US panel urges sanctions against China for cyberspying
US-China Economic and Security Review Commission report alleges large-scale cyberespionage by Beijing and recommends action including sanctions and visa restrictions
A US panel on Wednesday called for tougher action against China, including possible sanctions to stop cyberspying, warning that Beijing has yet to be persuaded to end rampant espionage.
In an annual report to Congress, the US-China Economic and Security Review Commission charged that Beijing “is directing and executing a large-scale cyberespionage campaign” that has penetrated the US government and private industry.
“There is an urgent need for Washington to take action to prompt Beijing to change its approach to cyberspace and deter future Chinese cybertheft,” said the commission, which was set up by Congress to make policy recommendations.
The report listed proposals aimed at “changing the cost-benefit calculus” for China including banning the import of the manufacturing giant’s goods that are determined to include technologies stolen from the United States.
Other possibilities include restricting access to US banks for companies deemed to have used stolen technologies or banning travel to the United States for people involved in hacking.
The commission did not endorse specific steps but said the potential measures “would be more effective if used in combination".
“They probably would lead Beijing to make only temporary or minor changes to its cyberespionage activities if used in isolation,” it said.
The report comes after months of disclosures by former security contractor Edward Snowden that US intelligence has engaged in sweeping espionage worldwide, including monitoring online correspondence and tapping the communications of leaders of both friendly and rival countries.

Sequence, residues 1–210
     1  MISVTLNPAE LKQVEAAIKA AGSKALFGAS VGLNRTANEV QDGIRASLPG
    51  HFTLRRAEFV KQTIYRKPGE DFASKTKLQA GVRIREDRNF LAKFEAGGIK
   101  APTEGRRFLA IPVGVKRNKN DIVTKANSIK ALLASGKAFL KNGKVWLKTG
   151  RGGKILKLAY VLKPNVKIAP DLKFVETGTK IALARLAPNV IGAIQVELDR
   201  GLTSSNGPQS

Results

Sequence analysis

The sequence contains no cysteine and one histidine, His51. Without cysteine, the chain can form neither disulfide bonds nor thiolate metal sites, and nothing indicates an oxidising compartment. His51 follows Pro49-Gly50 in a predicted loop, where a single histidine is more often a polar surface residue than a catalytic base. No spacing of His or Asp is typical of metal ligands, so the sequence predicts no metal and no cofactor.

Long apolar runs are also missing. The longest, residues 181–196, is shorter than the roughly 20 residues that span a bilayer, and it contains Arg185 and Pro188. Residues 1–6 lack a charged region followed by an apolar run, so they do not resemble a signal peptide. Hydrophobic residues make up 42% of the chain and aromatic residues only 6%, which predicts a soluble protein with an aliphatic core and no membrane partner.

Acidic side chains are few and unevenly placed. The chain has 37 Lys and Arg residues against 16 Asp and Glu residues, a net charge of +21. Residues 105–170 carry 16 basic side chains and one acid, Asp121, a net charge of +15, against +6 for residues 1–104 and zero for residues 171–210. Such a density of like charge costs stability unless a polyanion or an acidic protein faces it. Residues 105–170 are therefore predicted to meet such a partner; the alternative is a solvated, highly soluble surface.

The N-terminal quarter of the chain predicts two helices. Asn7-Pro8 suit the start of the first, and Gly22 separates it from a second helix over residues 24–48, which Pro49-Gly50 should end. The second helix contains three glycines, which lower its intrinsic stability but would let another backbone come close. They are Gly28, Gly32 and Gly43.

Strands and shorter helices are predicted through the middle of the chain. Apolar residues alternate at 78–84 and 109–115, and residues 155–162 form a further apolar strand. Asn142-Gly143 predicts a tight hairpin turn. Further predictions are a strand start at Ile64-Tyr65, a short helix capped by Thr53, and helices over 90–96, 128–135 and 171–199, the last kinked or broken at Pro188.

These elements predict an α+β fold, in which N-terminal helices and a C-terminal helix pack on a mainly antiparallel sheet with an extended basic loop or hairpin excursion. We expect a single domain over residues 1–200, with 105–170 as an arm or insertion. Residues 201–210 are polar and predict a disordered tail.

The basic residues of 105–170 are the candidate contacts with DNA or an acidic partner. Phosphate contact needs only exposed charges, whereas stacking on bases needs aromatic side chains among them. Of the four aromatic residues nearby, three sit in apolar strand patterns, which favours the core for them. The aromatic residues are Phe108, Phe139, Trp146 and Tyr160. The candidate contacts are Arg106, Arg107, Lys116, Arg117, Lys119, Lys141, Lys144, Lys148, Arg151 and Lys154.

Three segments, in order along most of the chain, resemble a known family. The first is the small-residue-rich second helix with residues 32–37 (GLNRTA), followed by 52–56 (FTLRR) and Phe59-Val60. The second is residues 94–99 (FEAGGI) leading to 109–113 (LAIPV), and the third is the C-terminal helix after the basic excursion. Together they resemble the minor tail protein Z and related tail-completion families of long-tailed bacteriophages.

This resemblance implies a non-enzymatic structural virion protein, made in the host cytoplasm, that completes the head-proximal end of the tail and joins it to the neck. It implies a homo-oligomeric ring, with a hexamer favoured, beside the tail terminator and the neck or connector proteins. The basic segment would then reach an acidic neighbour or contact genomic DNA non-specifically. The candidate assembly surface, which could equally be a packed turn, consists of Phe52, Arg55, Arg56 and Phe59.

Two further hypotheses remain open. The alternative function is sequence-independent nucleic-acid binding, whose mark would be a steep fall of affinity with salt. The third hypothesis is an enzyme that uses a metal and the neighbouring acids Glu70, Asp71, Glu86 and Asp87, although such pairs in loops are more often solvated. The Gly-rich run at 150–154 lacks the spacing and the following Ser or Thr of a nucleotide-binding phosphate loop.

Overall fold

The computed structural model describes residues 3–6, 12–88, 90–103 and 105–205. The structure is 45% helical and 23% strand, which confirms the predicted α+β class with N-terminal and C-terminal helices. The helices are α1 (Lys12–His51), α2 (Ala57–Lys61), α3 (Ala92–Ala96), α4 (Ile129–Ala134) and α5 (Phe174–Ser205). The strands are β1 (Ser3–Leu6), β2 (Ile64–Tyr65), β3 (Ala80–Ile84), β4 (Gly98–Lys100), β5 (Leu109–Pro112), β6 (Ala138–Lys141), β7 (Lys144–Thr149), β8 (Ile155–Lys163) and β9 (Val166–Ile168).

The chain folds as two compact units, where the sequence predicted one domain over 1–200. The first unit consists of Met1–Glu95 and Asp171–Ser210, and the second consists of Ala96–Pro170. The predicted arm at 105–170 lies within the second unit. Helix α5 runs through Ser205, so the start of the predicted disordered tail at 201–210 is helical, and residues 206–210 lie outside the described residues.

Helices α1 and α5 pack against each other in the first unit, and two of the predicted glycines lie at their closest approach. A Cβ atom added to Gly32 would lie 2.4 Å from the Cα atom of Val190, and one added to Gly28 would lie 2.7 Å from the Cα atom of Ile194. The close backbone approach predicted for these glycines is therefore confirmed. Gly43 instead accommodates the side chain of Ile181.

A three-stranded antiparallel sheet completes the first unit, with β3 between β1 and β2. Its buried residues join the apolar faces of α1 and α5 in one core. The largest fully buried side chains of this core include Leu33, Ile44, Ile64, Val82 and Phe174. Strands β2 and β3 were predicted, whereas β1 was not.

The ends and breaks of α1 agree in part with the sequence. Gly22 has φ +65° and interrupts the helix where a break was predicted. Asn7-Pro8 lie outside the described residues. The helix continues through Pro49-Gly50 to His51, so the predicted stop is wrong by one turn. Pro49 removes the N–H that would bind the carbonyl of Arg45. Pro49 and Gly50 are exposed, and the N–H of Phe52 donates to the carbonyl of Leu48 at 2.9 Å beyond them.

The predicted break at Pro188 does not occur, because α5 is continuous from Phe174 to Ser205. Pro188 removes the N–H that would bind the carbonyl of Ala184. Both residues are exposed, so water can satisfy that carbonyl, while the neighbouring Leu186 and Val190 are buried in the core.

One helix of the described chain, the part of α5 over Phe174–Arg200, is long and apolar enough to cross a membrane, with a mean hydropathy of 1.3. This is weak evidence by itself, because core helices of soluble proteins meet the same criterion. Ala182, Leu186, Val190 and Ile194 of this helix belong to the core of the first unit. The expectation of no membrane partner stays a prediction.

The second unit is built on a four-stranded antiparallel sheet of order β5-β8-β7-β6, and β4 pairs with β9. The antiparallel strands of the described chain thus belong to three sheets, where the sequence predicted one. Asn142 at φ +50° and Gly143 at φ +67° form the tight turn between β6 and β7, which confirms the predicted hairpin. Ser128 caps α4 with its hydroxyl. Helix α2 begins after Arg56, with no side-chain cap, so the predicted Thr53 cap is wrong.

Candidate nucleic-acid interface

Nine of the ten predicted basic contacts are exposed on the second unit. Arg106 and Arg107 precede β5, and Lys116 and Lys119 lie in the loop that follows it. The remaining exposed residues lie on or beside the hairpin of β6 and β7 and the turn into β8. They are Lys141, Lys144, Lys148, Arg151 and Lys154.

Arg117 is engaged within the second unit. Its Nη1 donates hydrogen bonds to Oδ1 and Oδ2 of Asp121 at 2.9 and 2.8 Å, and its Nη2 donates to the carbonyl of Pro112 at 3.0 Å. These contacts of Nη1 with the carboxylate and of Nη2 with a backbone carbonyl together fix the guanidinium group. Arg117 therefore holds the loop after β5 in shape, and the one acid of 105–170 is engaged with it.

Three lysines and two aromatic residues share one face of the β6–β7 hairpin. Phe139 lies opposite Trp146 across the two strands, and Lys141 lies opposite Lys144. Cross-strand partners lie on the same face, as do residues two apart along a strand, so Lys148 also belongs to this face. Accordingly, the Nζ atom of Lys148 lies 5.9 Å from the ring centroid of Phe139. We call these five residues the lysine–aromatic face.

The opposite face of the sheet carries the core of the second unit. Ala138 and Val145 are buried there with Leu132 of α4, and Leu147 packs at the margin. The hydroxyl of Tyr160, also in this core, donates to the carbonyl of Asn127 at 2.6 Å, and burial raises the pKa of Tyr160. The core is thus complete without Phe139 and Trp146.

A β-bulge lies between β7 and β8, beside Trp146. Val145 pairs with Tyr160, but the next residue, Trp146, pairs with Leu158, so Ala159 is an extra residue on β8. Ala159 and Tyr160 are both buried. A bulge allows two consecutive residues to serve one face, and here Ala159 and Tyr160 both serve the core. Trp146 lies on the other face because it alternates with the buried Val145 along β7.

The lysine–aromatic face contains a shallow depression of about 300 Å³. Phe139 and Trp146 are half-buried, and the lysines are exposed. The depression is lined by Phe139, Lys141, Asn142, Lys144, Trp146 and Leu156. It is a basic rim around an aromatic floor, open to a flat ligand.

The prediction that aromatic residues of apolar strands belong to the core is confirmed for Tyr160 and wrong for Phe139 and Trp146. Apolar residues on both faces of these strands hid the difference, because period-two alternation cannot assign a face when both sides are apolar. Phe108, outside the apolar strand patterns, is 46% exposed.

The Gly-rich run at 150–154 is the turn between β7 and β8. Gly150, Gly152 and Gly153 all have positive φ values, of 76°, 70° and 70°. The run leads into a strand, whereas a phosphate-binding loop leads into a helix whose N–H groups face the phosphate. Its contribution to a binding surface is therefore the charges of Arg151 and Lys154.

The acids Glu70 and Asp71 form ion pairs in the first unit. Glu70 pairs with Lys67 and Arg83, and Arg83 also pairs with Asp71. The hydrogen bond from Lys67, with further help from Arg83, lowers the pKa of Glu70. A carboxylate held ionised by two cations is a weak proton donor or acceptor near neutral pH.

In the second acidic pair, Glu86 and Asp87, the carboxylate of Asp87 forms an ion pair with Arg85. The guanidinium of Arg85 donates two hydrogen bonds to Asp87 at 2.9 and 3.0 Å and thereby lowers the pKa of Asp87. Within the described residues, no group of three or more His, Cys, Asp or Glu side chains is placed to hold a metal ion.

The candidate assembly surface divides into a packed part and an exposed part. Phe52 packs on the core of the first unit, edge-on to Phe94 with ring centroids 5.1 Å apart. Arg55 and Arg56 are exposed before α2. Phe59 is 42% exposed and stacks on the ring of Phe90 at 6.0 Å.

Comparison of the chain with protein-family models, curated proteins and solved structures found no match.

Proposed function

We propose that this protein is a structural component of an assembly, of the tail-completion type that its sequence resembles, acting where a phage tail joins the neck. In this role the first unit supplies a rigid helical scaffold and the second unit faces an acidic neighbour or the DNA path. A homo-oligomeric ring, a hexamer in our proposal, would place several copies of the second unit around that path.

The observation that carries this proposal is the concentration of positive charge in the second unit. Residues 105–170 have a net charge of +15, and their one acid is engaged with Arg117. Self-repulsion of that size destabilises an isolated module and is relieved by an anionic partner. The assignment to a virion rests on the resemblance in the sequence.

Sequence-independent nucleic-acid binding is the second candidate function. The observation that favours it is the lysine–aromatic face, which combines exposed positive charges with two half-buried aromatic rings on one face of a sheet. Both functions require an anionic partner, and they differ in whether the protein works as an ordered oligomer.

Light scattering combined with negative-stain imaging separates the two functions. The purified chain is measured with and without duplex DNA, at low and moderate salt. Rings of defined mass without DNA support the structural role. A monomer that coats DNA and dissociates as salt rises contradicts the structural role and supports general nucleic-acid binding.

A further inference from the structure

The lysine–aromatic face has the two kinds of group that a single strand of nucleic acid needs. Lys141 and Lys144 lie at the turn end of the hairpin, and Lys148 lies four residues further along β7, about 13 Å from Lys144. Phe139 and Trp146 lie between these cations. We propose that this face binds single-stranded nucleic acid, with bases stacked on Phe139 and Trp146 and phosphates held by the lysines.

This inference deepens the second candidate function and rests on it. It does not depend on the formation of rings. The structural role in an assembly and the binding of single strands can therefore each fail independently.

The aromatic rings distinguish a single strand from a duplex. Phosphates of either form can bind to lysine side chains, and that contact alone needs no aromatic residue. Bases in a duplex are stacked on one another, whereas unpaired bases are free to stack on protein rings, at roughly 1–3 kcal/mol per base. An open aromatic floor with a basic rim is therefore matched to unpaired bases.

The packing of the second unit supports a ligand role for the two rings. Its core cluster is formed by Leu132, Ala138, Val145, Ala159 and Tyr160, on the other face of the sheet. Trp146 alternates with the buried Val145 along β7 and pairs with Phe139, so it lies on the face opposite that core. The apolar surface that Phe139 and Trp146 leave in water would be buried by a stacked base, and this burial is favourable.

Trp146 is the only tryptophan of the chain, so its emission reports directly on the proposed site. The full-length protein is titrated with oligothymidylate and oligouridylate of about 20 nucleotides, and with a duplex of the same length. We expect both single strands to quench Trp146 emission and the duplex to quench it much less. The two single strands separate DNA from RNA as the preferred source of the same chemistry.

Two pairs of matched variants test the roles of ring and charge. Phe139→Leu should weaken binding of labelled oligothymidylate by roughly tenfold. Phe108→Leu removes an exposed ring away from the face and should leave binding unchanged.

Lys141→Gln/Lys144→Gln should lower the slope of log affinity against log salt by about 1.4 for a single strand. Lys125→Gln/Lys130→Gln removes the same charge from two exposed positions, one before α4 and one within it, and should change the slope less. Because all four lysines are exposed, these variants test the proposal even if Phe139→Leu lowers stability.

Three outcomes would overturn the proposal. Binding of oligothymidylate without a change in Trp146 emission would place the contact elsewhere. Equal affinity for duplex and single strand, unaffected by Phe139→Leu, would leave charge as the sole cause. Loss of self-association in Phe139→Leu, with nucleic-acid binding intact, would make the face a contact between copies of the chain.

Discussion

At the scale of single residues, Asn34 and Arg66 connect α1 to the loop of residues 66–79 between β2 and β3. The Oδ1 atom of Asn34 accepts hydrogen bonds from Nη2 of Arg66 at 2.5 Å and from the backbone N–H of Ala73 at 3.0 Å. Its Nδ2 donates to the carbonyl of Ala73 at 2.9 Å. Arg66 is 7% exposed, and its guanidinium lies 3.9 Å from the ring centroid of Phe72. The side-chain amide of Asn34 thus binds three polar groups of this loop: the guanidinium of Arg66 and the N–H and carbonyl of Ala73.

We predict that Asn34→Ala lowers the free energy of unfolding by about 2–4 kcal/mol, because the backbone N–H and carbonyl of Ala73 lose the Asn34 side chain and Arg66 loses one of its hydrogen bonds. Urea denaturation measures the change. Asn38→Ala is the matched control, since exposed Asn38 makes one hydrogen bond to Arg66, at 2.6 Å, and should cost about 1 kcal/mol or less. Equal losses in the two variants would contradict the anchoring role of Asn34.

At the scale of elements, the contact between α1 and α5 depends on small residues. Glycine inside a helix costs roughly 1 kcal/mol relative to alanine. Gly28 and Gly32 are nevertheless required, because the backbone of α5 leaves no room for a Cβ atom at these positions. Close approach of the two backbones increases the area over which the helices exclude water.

China has cited Snowden’s revelations to accuse US President Barack Obama of double standards, saying Beijing is also a victim of cyberespionage.
The report said the United States and China have maintained dialogue on cybersecurity but quoted observers as estimating that Snowden’s disclosures have set back US efforts “by at least six months”.
“Frankly, yes, it has hurt the US ability to express concern. There’s no question of that,” Dennis Shea, the vice-chairman of the commission, told reporters.
“But we continue to believe that this is an important issue, and at least I personally believe there is a distinction between what the United States does for security purposes and the wholesale economic espionage that’s going on directed against the United States,” he said.
In a report released in February, the security firm Mandiant said China was devoting thousands of people to, and has made a major investment in, a military-linked unit that has pilfered intellectual property and government secrets.
The commission said the Chinese unit decreased activity for about one month after the Mandiant report, but that the reduction may have been because the US government shared information with internet service providers.
The wide-ranging annual report warned that China, which has steadily ramped-up its military budget as its economy soared to the world’s second largest, may soon challenge US forces’ dominant role in Asia.
People’s Liberation Army “modernisation is altering the security balance in the Asia-Pacific, challenging decades of US military pre-eminence in the region,” it said.
China is “rapidly expanding and diversifying its ability to strike US bases, ships and aircraft” throughout the region, including areas it could not previously reach, such as the US Pacific territory of Guam, it said.
Quoting the Office of Naval Intelligence, the report said that China by 2020 will probably have 313-342 submarines – including around 60 that can fire intercontinental ballistic missiles or cruise missiles against ships.
Obama has pledged to “pivot” US foreign policy to pay greater attention to Asia in light of the rise of China, which has increasingly tense relations with US allies Japan and the Philippines over territorial disputes.
The commission called on Congress to fund shipbuilding to meet Obama’s goal of stationing 60 per cent of US warships in the Asia-Pacific region by 2020, up from 50 per cent.
The United States has reduced military spending as it seeks to control its debt following two wars and a recession. But the Republican Party, which has pushed Obama for greater cuts to social services, generally supports military funding.